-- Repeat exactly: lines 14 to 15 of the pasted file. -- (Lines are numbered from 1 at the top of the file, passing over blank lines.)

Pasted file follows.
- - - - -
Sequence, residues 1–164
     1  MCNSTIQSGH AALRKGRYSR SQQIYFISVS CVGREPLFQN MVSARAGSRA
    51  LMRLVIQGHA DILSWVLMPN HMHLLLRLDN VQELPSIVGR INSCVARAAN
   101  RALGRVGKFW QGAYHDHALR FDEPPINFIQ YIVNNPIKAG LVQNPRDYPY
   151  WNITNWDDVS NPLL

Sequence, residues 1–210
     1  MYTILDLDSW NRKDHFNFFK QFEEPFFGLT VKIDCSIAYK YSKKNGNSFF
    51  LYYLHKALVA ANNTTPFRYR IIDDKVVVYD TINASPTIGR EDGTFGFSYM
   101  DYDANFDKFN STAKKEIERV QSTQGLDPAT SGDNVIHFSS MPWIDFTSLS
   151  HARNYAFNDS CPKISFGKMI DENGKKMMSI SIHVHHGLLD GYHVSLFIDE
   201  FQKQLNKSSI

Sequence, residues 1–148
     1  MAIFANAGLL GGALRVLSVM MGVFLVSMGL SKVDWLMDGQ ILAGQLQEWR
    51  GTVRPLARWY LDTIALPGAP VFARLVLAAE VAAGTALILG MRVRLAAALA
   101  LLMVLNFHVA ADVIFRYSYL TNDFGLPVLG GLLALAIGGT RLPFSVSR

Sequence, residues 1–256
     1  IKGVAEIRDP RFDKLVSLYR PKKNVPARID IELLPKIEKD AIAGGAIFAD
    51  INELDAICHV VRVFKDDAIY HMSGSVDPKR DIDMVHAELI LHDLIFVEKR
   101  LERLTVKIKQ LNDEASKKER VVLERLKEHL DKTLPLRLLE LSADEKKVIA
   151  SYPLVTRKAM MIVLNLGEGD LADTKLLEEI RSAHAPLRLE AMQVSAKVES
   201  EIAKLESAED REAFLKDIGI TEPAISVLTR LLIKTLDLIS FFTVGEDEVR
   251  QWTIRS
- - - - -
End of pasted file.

    51  GTVRPLARWY LDTIALPGAP VFARLVLAAE VAAGTALILG MRVRLAAALA
   101  LLMVLNFHVA ADVIFRYSYL TNDFGLPVLG GLLALAIGGT RLPFSVSR